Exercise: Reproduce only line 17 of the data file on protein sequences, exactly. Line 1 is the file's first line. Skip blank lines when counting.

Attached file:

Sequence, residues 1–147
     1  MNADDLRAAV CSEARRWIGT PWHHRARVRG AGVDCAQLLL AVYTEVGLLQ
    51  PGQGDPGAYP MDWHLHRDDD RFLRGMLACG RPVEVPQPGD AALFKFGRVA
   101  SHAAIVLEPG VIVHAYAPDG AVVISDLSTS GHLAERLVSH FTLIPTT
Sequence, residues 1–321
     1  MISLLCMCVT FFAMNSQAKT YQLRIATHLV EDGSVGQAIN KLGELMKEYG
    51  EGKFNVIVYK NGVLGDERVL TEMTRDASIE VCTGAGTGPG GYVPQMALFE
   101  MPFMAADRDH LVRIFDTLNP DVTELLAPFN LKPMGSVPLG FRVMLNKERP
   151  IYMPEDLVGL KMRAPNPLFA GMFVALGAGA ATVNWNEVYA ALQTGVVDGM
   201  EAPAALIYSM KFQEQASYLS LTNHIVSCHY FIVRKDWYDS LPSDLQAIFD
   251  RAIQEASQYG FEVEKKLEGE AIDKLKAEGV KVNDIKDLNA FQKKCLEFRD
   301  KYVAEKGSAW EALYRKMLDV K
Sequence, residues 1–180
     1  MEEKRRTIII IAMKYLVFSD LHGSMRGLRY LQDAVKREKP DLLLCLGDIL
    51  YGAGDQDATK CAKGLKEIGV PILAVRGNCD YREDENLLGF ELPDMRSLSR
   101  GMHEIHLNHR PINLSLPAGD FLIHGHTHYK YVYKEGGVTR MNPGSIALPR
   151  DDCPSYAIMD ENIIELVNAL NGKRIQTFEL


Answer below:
   151  DDCPSYAIMD ENIIELVNAL NGKRIQTFEL